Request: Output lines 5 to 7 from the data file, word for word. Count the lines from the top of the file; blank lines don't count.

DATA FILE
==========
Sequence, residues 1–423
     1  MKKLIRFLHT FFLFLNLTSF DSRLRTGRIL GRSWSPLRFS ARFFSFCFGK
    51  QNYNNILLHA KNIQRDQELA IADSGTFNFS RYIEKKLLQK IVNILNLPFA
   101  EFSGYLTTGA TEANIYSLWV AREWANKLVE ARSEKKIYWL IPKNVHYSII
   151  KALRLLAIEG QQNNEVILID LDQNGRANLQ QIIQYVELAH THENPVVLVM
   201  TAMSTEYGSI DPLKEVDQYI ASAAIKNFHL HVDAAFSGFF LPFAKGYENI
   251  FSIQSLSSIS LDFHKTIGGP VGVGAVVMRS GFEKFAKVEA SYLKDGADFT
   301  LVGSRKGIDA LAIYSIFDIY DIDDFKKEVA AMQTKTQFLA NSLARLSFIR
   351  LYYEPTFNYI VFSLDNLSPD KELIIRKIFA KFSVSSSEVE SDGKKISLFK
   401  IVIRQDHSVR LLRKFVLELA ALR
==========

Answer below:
   151  KALRLLAIEG QQNNEVILID LDQNGRANLQ QIIQYVELAH THENPVVLVM
   201  TAMSTEYGSI DPLKEVDQYI ASAAIKNFHL HVDAAFSGFF LPFAKGYENI
   251  FSIQSLSSIS LDFHKTIGGP VGVGAVVMRS GFEKFAKVEA SYLKDGADFT